Carbon markets could have position limits regime
Although an ESMA report has helped dispel fears of excessive speculation in the trading of emissions allowances, some form of position limits regime is likely in the near future
Regulators are considering imposing position limits on carbon markets to prevent any adverse impact that could result from excessive speculation.
A report from the European Securities and Markets Authority (ESMA) recently concluded that the European market is so far functioning correctly, but the same report also proposed introducing position limits on carbon derivatives, and even a centralised market monitoring of the carbon market at the EU level, in line with the ACER-style monitoring for gas and power.
Given the important role that carbons markets are set to play in the transition to net zero – it is widely believed that total emissions reduction simply won’t be possible for a significant number of firms – the level of focus on carbon markets is unsurprising.
“There is a concern that excessive speculation in the trading of emissions allowances and carbon credits could undermine the scheme,” said Caroline Dawson, partner at Clifford Chance. “One solution under discussion is position limits, and another is restricting access of financial institutions in the trading of emissions allowances.”
Dawson argued that regulators need to tackle the issue with caution, especially if they go for the latter option, since financial institutions provide liquidity for carbon markets, as they do for other markets.
“To what extent speculation can be deemed excessive is a long-standing debate that still doesn’t have a clear answer,” said Eric Litvack, chairman at the International Swaps and Derivatives Association (ISDA). “What is certain is that speculation does add liquidity to the market. However, it would not surprise me if we saw some form of position limits in the future. If so, policymakers should tread very carefully.”
A source close to the Commodity Futures Trading Commission (CFTC) said that the US was also considering position limits. On June 2, the regulator will hold its first-ever voluntary carbon convening. The trading of carbon offsets and carbon derivatives will be covered during the meeting, among other topics.
“I don’t think we should be surprised by fluctuations and volatility in the carbon market,” said a derivatives-focused banker. “But policymakers should be careful. Reducing access of financial institutions could reduce the liquidity provided by those financial institutions that are greasing the market wheels.”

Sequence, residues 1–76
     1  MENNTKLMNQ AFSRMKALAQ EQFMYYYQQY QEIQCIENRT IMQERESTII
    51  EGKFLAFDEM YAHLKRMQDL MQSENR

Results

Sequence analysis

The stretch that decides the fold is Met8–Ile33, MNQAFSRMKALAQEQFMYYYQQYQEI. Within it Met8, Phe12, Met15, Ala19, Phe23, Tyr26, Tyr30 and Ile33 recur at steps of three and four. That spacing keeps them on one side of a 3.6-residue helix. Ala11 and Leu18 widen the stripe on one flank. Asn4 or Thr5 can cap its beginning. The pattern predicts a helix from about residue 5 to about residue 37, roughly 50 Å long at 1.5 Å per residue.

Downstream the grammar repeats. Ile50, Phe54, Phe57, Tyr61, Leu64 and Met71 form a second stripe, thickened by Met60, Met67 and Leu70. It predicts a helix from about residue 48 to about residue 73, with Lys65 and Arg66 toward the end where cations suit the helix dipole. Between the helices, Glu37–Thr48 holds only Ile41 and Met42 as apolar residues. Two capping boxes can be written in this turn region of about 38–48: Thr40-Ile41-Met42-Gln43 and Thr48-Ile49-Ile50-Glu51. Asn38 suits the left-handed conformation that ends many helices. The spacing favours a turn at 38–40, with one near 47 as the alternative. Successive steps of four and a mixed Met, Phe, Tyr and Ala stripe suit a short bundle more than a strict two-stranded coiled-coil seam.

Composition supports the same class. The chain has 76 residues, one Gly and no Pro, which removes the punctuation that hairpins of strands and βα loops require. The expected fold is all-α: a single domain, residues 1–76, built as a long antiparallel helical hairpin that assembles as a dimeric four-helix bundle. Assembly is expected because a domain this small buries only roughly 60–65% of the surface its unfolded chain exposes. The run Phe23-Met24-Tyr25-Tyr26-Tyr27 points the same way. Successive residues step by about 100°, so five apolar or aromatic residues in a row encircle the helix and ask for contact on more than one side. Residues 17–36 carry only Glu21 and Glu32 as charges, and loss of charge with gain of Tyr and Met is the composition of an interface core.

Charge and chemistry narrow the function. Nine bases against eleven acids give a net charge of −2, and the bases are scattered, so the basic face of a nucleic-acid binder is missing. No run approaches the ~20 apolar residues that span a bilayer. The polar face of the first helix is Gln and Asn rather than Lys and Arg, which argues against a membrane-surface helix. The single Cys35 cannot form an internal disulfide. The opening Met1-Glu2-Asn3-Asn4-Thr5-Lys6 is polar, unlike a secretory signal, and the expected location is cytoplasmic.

Using a variety of data sources, the ESMA report identified that long positions in carbon derivatives are mainly held by non-financial entities for hedging purposes, while short positions are mainly held by banks and investment firms providing liquidity and carbon financing. Positions by investment funds remain limited, with positions principally held by third-country funds. The share of high-frequency and algorithmic trading is significant in the carbon market, even if the relevant firms are only holding very small or no actual positions.
“Some think the carbon markets are the equivalent of the sub-prime mortgage market,” said Bill Winters, CEO at Standard Chartered, speaking at the ISDA conference in Madrid. “But that clearly is not the case.”
Tilman Lueder, head of securities markets at the European Commission, said skyrocketing prices led some markets participants to blame speculation. However, on the whole, the markets are “working as they are supposed to be working”.
“Now we are moving on to investigate speculation in energy markets,” said Lueder, noting a slowdown in the transition from coal to clean energy. “What’s driving the downward trend? Are derivatives part of the problem? Is there panic? Is there speculation?”
Expansion versus regulation?
While some market participants advocate for a tighter regulatory structure, not just for speculative activities but across the board, others argue that the carbon markets should first be allowed to grow.
“The process of transitioning is sometimes tarred with a greenwashing brush,” said Belinda Ellington, MD, general counsel, global commodities, ESG for global markets at Citigroup Global Markets. “However, project-based carbon credits divert capital to real-world investment. Financial institutions create liquidity in both the voluntary and allowances markets. It is a growing area.”
Winters expects carbon markets to grow to “100 times” its present size in order to meet net-zero ambitions by 2030. As chair of the Taskforce for Scaling Voluntary Carbon Markets, he advocates for more standardisation in pricing mechanisms together with a more robust governance and legal structure. He argues that this would help scale the markets to the size they need to be and mitigate greenwashing risk. Currently, the market infrastructure is insufficient.
“While carbon markets need more integrity and clearer pricing, regulation risks disrupting the growth trend,” said the derivatives-focused banker. “I think we need to let the market reach a critical mass before we start to interfere with the governance structure.”
Although issuance of voluntary carbon credits topped $1 billion last year, they remain controversial, with critics doubting the credentials of some of the projects that underpin the credits and arguing that they give companies license to continue polluting when the focus should be on emissions reductions. Even so, allowing firms to buy credits is set to play a crucial role in the transition to a low-carbon economy, especially for hard-to-abate sectors where transition efforts are more complicated.